For example, you could receive a forwarded email chain containing somebody other than your client’s personal information.
When you receive unsolicited personal information, you have two options:
- Determine if the information could have been collected as ‘solicited personal information’ under APP 3, or if the information is in the Commonwealth Record
- Destroy or de-identify the personal information as soon as practically possible, if it is lawful and reasonable to do so
- In the above example, this could be done by removing the email chain from your email servers
APP 5: Notification of the Collection of Personal Information
When your business collects an individual’s personal information, you must take reasonable steps to let that individual know about a few things.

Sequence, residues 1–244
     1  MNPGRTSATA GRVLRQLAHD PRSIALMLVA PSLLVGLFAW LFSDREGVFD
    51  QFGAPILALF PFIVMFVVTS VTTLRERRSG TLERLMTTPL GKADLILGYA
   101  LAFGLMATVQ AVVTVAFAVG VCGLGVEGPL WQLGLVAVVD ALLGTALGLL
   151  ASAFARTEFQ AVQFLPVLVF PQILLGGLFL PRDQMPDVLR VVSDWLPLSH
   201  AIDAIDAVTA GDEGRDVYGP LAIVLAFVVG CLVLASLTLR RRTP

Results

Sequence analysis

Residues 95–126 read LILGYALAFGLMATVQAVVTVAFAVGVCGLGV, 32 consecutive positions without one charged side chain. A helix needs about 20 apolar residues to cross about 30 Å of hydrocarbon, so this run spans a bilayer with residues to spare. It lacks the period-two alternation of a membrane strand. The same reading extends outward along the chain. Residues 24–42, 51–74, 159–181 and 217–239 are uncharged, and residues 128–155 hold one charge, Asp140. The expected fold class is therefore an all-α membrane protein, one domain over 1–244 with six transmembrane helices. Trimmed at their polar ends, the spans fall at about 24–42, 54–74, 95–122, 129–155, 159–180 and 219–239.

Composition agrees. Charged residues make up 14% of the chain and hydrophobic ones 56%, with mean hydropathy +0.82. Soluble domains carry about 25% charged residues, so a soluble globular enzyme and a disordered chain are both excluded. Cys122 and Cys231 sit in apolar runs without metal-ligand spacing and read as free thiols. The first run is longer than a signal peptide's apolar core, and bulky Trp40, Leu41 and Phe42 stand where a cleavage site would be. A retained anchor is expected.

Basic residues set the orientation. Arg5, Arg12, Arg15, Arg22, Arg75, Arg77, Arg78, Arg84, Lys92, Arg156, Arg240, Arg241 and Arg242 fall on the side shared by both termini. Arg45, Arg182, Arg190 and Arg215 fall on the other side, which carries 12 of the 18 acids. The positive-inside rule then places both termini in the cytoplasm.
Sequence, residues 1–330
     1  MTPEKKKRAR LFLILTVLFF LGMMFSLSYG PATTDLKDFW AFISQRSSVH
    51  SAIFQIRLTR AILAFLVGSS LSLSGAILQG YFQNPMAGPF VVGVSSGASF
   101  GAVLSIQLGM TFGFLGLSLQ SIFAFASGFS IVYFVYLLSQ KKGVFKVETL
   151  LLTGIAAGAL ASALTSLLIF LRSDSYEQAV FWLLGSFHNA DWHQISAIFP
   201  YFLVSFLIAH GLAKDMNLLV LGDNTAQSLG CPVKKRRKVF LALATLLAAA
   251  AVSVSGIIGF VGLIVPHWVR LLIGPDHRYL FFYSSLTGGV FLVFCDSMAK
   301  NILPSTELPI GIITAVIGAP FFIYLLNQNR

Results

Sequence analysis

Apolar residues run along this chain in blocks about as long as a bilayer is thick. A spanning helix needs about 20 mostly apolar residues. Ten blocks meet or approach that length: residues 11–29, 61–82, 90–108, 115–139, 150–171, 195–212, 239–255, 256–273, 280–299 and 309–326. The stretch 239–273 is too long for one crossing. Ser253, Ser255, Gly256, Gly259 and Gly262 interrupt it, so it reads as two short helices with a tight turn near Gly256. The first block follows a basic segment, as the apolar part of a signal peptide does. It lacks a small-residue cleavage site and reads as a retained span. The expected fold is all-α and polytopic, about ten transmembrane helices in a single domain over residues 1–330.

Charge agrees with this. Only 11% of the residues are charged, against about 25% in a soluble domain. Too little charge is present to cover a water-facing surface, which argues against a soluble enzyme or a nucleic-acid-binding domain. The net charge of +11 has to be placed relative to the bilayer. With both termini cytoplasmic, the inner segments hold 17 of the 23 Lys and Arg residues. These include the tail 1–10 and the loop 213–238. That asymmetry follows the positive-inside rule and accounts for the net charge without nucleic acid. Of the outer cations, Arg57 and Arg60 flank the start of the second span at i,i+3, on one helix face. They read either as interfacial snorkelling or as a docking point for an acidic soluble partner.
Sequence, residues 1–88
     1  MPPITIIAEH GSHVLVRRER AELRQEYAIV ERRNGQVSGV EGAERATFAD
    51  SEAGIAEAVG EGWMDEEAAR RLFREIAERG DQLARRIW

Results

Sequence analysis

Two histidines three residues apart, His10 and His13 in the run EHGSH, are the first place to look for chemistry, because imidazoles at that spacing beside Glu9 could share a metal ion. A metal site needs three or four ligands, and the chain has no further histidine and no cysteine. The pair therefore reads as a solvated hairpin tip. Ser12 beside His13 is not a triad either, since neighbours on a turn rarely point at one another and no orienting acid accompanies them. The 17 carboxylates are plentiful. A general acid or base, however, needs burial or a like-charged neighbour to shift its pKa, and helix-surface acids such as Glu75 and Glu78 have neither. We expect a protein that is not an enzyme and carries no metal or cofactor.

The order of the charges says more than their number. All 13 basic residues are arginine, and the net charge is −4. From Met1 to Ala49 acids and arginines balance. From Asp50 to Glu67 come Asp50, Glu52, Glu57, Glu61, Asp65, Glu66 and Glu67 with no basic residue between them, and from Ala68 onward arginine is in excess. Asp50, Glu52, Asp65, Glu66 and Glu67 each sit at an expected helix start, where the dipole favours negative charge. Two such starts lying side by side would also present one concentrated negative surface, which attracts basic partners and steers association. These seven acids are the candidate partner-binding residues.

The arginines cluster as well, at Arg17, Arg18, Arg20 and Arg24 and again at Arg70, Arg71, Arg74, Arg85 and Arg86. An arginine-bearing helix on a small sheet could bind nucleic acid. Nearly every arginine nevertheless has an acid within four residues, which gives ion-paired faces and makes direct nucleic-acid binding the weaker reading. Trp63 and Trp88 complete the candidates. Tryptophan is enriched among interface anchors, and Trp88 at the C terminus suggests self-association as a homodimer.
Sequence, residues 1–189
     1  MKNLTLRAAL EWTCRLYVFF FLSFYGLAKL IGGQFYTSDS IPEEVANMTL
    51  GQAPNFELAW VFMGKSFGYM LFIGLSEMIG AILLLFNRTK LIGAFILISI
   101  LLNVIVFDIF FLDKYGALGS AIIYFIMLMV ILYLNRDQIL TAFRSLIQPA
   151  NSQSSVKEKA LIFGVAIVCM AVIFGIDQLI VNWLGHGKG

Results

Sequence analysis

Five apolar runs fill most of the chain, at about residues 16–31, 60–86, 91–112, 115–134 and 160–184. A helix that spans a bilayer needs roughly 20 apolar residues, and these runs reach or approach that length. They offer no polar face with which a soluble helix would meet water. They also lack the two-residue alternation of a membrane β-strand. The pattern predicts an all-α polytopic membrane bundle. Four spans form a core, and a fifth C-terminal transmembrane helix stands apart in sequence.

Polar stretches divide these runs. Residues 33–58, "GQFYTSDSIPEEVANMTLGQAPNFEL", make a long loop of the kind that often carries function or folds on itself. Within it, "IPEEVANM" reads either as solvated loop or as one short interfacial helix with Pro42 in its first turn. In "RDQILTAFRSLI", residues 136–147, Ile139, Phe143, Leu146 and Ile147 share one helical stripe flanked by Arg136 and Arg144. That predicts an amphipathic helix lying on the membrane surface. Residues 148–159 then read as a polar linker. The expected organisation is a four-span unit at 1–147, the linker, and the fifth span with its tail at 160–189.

- Your business’ details, including contact details
- Why you have collected their personal information
- Whether the individual’s personal information is likely to be disclosed to overseas recipients
APP 6: Use or Disclosure of Personal Information
When your business collects personal information, it is expected that you only use that personal information in ways that the individuals would expect.
When personal information is collected, it is usually collected for a ‘primary purpose’ (or a particular purpose) — for example, collecting a client’s financial details for a particular transaction. In this case, you’ll need to have a Privacy Collection Notice.
Your business can only use or disclose personal information for another purpose, also known as a ‘secondary purpose’, if an exception applies.